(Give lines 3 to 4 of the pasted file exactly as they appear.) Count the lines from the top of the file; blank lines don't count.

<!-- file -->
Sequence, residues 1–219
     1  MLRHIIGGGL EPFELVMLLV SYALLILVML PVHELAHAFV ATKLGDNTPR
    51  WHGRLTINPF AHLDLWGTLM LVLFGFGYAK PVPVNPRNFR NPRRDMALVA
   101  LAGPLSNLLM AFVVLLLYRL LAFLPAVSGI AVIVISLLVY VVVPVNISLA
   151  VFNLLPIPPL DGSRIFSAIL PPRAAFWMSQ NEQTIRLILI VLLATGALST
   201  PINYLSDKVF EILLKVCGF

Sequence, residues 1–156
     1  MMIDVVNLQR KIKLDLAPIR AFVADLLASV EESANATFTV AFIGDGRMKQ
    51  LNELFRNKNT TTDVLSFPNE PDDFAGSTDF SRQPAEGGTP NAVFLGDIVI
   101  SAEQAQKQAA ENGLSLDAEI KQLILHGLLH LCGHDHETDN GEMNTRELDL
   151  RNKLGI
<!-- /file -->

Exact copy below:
    51  WHGRLTINPF AHLDLWGTLM LVLFGFGYAK PVPVNPRNFR NPRRDMALVA
   101  LAGPLSNLLM AFVVLLLYRL LAFLPAVSGI AVIVISLLVY VVVPVNISLA